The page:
Why this is it.

When I wake up each morning, there is a plan. Each day has its rhythm and choices, but along the way I developed a set of routines. Ever changing, depending all on me and what I want. Where I am in life is irrelevant, but somehow I’m supposed to know what I want out of tomorrow. A list of goals and objectives, a separate list of maybe’s and probably should not’s. A set of responsibilities that don’t necessarily make sense, or even make me happy.

Caught up in a time where needs and wants are no longer black and white. There is an entanglement. Somewhere along the way, the purpose of our being was lost.

Every morning I wake up and wonder what mine is.

A purpose, such a loaded and questionable thing. Words are only labels slapped on like price tags. Most of them make sense, but a decent amount make you wonder “am I understanding?” “Is this right?”

Well a great majority of purpose is within us all, much different and unique to its person. To put a finger on it would be impossible, but we all try now and again.

Two things dictate ones purpose: to first know what they are passionate about, and to take risks and actively put effort into their passions. The second thing is helping others. Not by request, but because fulfillment within is so much more rewarding when given away. Because passions bring us never ending supplies of happiness, and spreading joy with others is more rewarding than acting on ones passions alone and/or without giving away what you know has filled your cup and then some.

The more fulfillment, the better the life right? Happiness is everyone’s goal in one way or another. Enrichment, pleasures, achievements, good relationships – all mix together into an exceptionally decent life.

How to obtain all at once is the problem. And in a world full of distractions and responsibilities, one can often lose sight of what they really desire out of their own life.

How to stay focused?

Become habitual. Locate your passions and goals in life, and incorporate it into your daily life as if it were food itself. Passions can be money making and not, but the most important ones may be the ones that do not pay in dollar bills. Some of the most enriching experiences will be for the pure enjoyment of the experience.

Risks may involve money or time, effort or traveling. Whatever the cost, the pay off is what is important. Within the boundaries of reason, of course. For example, one must budget to afford certain expenditures,  and all choices should be filtered through whether it be logical and/or timed correctly.

But no matter the risk or circumstance, right before taking the risk, one gets a feeling of “this is it.” And if the risk was worth it or more than worth it, then that feeling expands and fulfillment floods every sense – and those are the moments we live for.

I have found myself not taking risks for years. The result: an unsatisfying life, few friends, few hobbies, few goals. I have taken many spirals into the state of mind almost everyone has been in: hopelessness. For many, the feeling may only last a short while; but for some, the choices add up to a heaping disappointment. And it can become overwhelming. It can be uncomfortable, like feeling completely lost even though you are home in bed or the living room, or wherever.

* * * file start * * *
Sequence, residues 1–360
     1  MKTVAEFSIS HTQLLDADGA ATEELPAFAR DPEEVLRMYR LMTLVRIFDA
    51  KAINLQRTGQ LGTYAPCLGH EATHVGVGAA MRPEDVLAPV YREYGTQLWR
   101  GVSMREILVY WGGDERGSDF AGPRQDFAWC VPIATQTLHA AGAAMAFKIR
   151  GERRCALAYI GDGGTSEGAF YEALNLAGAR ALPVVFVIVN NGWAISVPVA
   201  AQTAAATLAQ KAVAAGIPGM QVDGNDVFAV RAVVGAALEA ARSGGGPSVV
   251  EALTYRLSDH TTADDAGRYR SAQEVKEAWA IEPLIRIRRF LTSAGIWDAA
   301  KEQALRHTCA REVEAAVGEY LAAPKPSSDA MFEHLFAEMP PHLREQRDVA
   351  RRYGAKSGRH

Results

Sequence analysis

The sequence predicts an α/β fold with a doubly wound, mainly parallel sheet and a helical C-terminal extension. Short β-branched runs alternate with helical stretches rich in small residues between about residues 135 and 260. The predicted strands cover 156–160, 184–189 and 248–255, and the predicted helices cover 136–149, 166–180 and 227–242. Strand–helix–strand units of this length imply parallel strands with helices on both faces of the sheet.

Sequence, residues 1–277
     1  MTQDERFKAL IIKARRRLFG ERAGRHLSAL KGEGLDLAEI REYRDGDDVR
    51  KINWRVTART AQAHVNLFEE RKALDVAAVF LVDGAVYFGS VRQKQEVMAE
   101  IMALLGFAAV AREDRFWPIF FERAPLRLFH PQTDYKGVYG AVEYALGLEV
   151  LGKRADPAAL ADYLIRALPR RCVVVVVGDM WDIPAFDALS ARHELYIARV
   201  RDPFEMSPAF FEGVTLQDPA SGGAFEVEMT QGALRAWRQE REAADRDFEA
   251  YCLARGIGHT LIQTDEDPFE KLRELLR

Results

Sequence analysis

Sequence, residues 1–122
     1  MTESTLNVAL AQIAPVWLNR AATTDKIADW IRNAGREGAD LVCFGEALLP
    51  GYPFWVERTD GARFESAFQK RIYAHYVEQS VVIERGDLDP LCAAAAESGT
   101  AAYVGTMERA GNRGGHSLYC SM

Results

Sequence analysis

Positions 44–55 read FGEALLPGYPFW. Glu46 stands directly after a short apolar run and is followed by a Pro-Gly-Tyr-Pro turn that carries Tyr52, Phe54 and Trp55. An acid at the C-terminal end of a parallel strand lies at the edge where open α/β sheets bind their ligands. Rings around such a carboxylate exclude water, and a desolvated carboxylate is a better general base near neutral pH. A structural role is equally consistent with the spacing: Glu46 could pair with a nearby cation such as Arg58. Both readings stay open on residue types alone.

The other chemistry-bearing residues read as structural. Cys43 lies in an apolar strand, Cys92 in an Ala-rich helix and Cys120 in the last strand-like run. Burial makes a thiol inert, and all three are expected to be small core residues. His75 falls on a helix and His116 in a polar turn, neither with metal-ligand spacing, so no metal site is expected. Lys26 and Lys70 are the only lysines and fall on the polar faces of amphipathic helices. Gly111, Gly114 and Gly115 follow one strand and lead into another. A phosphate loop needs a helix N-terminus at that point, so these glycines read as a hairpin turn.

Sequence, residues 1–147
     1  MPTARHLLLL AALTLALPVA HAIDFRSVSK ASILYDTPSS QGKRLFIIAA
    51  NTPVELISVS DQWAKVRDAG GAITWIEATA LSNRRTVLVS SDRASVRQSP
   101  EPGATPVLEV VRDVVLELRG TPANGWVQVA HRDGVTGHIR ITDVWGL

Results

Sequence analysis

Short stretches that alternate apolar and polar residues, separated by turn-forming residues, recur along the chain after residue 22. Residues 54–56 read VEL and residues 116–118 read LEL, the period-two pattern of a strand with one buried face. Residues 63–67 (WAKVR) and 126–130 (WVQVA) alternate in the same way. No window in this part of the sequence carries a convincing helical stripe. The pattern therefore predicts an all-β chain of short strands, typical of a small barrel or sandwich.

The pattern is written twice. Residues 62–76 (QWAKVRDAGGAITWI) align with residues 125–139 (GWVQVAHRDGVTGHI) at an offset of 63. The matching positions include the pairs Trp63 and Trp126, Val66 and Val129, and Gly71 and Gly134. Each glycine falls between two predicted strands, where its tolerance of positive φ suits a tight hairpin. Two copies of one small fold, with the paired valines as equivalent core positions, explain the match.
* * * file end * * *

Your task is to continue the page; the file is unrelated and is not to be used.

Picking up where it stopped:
It’s an emptiness that seeks fulfillment. And when given none for too long, it begins to seek immediate satisfaction. It asks for indulgence and instant gratification. It knows that it is empty, and it asks to be filled.

It took me a long while to pin point exactly what it wants. Feelings are confusing, and not at all direct; but the conclusion was simple, which was ironic since I had been searching for what feels like my whole life.

The answer is within the confines of love itself. To love everyone seems impossible, to love few is achievable, to love yourself is the battle; but to receive happiness and enrichment by taking risks for individual inner passions, is what will make loving so much easier.

I have discovered that, by filling that pit of emptiness with acts of goal-oriented personal passion, I can find true happiness and be ready for life’s ever-flowing current, no matter the circumstance. And the outcome is satisfaction.

“Happiness does not come from doing easy work but from the afterglow of satisfaction that comes after the achievement of a difficult task that demanded our best.” -Theodore Isaac Rubin

“The ultimate victory in competition is derived from the inner satisfaction of knowing that you have done your best and that you have gotten the most out of what you had to give.” -Howard Cosell

“Young people are threatened…by the evil use of advertising techniques that stimulate the natural inclination to avoid hard work by promising the immediate satisfaction of every desire.” -Pope John Paul II

“Successful people maintain a positive focus in life no matter what is going on around them. They stay focused on their past successes rather than their past failures, and on the next action steps they need to take to get them closer to the fulfillment of their goals rather than all the other distractions that life presents to them.” -Jack Canfield

“If you so choose, even the unexpected setbacks can bring new and positive possibilities. If you so choose, you can find value and fulfillment in every circumstance.” -Ralph Marston

“An attitude to life which seeks fulfillment in the single-minded pursuit of wealth – in short, materialism – does not fit into this world, because it contains within itself no limiting principle, while the environment in which it is placed is strictly limited.” -E. F. Schumacher

“I have brought myself, by long meditation, to the conviction that a human being with a settled purpose must accomplish it, and that nothing can resist a will which will stake even existence upon its fulfillment.” -Benjamin Disraeli

 

 

 

 

 

 

 

 

 

 

 

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